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Pornography and Freedom
Abstract: I defend pornography as an important aspect of freedom of expression, which is essential for autonomy, self-development, the growth of knowledge and human flourishing. I rebut the allegations that pornography depraves and corrupts, degrades women, is harmful to children, exposes third parties to risk of offence or assault, and violates women’s civil rights and liberties. I contend that suppressing pornography would have a range of unintended evil consequences, including loss of beneficial technology, creeping censorship, black markets, corruption and extensive social costs. Key words: Pornography, freedom of expression, sexuality, human rights Introduction
he Williams Committee1 defined pornography as sexually explicit representation which has the function or intention of sexually arousing its audience. Similar definitions have been put forward by other official committees or commissions on pornography in Canada and America.2 Pornography appears to have few friends in high places. Governments generally censor and restrict it. Most religions abominate it and others seem at least to frown upon it. Academics for the most part find it distasteful, if not offensive or even heinous. The “quality” news media (press and television) avoid promoting it, often speak openly against it, and almost as often call for its suppression. A myriad of influential pressure groups lobby for prohibition of at least some of it. Artists and writers are perhaps less disdainful but seem keen to make a distinction between erotica (acceptable) and pornography (unacceptable). And the word “pornographic” is very widely used as a metaphor for the excessive and disgusting, as when gory violence or someone’s eating habits are labelled “pornographic.” The opposition to pornography comes from both left and right, from avowed radicals as well as from fusty old traditionalists.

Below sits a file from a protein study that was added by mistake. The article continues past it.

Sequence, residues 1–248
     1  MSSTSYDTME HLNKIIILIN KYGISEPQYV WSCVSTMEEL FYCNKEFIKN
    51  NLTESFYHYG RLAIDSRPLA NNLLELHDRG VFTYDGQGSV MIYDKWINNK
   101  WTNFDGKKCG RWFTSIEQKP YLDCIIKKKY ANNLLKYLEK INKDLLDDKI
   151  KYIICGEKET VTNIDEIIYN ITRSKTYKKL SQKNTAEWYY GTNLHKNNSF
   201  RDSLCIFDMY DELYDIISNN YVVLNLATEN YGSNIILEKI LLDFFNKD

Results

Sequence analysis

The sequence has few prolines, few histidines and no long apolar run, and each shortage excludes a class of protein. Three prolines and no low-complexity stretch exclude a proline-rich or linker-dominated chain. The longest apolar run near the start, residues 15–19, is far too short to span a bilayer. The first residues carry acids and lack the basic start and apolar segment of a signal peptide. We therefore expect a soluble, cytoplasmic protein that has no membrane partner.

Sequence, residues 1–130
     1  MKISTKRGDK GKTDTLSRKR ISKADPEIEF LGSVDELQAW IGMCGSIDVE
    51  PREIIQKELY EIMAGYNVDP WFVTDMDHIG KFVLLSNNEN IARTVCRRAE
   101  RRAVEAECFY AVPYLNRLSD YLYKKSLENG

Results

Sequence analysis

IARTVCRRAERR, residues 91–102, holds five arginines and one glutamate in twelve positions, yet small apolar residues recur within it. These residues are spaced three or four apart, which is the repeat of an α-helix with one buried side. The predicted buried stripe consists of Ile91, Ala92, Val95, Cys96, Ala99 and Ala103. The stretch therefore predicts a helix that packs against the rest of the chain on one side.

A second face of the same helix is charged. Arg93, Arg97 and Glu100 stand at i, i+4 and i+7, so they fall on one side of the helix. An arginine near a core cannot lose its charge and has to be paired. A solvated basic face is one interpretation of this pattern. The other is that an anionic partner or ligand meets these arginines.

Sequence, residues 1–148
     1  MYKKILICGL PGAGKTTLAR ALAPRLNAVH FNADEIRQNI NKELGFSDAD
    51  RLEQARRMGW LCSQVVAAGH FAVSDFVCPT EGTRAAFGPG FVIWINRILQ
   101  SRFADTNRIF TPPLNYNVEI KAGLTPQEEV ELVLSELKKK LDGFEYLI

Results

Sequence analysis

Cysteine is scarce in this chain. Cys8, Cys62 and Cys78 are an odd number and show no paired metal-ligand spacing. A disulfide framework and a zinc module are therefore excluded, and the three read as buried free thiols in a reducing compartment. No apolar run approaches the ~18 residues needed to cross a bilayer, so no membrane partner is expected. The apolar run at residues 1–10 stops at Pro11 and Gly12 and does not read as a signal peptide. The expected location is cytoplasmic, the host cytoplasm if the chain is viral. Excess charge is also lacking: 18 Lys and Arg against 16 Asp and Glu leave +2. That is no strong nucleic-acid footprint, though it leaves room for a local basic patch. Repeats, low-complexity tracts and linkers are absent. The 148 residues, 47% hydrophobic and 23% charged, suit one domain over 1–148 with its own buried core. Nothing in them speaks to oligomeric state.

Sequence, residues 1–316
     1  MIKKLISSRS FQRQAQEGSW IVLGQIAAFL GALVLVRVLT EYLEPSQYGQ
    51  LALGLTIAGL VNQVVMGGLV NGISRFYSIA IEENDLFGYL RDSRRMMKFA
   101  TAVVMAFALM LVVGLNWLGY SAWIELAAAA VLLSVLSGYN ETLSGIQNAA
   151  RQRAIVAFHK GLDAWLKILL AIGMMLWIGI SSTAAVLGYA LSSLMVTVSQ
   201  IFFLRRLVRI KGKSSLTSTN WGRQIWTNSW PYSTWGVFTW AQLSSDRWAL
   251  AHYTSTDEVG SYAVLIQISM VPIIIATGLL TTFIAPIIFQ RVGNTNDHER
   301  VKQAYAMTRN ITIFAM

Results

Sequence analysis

1 Report of the Committee on Obscenity and Film Censorship (London: Her Majesty’s Stationery Office, 1979), 103. 2 For a synopsis, see D. Howitt and G. Cumberbatch, Pornography: Impacts and Influences (London: Home Office Research and Planning Unit, 1990), 1-5. The synopsis includes radicalfeminist stipulative definitions of “pornography” in terms of images that degrade or exploit women, etc. Such revisionary definitions raise the question whether there is any pornography, that is, whether any pornography in the ordinary sense is also pornography in the revised sense. I ignore such revisionary definitions here.
© 2011 Danny Frederick http://www.kritike.org/journal/issue_10/frederick_december2011.pdf ISSN 1908-7330